What Are Neural Nets?
Neural nets are systems that model the behaviour of the brain but it is neither as simple nor as complicated as that.
It is not that complicated because today's neural nets do not try and model the whole brain. The brain is made up of about one hundred-billion neurons with a square centimetre of the brain's cortex having about one million neurons with over one billion connecting fibres. The biggest neutral net made usefully so far, and it is a simulation, has only 8,100 neurons with either 417,700 or 1.2 million interconnections. This puts it at about an eight hundred-millionths of the size of the average human brain. Today's neural nets are trying to do very small specialised tasks and do not try to be as clever as a human.
Unfortunately it is also not that simple. To model neurons you first have to know how neurons work and this is difficult as they are very small and yet very complex. So what has to be done is model only the important parts of the neurons and their connections. Which are the important parts is not exactly known.
The development of neural nets has been closely connected to the investigation of the brain. Indeed some people today now try and see how the brain works by building neural nets and seeing how closely they match the brain when they operate.
The diagram below shows an idealised electronic neuron,
As can be seen there are a number of inputs, the number depends on how many other neurons there are and how interconnected the system is. Each input has a "weight" attached and the input coming into the neuron is multiplied by this. This weight could be zero therefore effectively shutting off the input. The neuron then totals the inputs and this total represents the neurons "activity level". This is then put through the input-output function to produce the output which either goes to a number of other neurons or to the output of the system.
There are three main types of input-output functions linear, threshold and sigmoid. A linear neuron's output is proportional to the activity level of the neuron. A threshold neuron's output is constant until a certain activity level is reached and then the output changes to a new constant level until the activity level drops back. A sigmoid neuron's output varies continually with the activity level but it is not linear, this is shown in the diagram.
Sigmoid neurons are the most like real neurons but all three types must be considered rough approximations.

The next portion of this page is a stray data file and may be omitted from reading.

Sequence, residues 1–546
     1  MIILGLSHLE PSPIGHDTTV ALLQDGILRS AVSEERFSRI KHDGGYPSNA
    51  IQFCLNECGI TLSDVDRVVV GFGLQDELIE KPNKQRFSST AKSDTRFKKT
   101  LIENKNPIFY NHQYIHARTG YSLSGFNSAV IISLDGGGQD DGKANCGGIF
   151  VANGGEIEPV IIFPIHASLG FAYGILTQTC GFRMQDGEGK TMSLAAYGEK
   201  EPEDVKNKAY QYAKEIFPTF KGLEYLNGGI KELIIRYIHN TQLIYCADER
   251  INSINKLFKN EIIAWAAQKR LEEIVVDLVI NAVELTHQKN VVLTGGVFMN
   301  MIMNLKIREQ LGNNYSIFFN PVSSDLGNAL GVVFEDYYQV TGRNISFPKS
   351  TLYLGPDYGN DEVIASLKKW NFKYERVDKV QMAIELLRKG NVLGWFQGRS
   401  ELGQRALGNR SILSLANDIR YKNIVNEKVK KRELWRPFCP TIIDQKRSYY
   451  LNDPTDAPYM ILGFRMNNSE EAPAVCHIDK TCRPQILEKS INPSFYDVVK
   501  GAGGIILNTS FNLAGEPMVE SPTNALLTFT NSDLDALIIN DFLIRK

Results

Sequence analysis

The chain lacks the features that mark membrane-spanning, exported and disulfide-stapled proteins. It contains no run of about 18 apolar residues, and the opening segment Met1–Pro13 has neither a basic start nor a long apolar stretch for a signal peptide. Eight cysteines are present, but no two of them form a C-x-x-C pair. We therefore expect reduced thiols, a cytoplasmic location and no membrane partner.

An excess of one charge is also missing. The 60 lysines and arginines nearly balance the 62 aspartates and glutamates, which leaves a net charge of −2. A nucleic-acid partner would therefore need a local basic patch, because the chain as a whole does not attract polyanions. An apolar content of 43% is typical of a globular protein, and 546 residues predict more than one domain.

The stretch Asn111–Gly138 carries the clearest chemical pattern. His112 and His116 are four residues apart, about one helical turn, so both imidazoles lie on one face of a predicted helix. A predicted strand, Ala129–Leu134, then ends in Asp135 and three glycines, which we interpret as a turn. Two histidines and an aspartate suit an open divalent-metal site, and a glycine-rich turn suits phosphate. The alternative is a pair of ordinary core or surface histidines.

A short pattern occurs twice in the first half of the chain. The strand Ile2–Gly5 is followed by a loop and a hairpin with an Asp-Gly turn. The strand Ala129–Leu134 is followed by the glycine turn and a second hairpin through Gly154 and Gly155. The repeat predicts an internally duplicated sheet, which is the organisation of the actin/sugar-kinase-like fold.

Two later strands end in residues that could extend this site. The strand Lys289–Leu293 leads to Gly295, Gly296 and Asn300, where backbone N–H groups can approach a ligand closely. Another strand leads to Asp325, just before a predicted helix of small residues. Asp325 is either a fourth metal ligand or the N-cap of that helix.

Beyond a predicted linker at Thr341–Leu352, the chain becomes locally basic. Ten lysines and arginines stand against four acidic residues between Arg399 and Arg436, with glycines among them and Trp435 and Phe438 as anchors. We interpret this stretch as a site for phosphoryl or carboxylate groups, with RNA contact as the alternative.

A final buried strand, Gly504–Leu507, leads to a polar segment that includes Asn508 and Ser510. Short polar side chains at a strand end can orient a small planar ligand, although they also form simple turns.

In each neural net there are many neurons. The simplest way to connect them up is shown below,
Information is put into the net by setting the activity of the neurons in the input layer. The net will then give the output it has been taught. The output is read by looking at the activity level of the neurons in the output layer. This system can be used to correct data as even if one of the input neurons is not given its data then the output will probably be almost the same as if the neuron had been given its data.
This organisation is, however, limited and today the commonest type of net has a third "hidden" layer.
This allows the network to construct its own representation of the input rather than rely on just the patterns it is shown. It is also possible to have other hidden layers but this makes the network harder to build and teach.
Teaching is one of the major differences between computers and neural nets. With a computer someone has gone through and work everything out but to make a neural net work it has to be taught. The process of teaching a neural net adjusts the weights of the connections between the neurons. Interestingly when people first tried to analyse the weights in the network to try and find out how it works you get what has been called "connectionist glop" which is just as useful as trying to understand thought by disecting the brain. One of the main problems of neural nets has been how to teach them.
It is not just a matter of finding examples to give them or a person to work out the "correct" answer and tell the net whether it is right or wrong. To teach a neural net you have to decide which weights to change and by how much. To do this a number of "learning rules" have been made.
Dating from 1949, the simple Hebbian learning rule increases weights whenever they are used, this ever includes when the task has already been learned properly. In 1960 this rule was changed by Bernard Widrow and Ted Hoff. This new Widrow-Hoff rule, also called the delta-rule, compares the observed performance with the desired performance to produce an "error signal", this is them used to strengthen or weaken weights. The engineering approach taken by these two has led to a learning mechanism that has worked in many real world problems such as filtering in high-speed modems.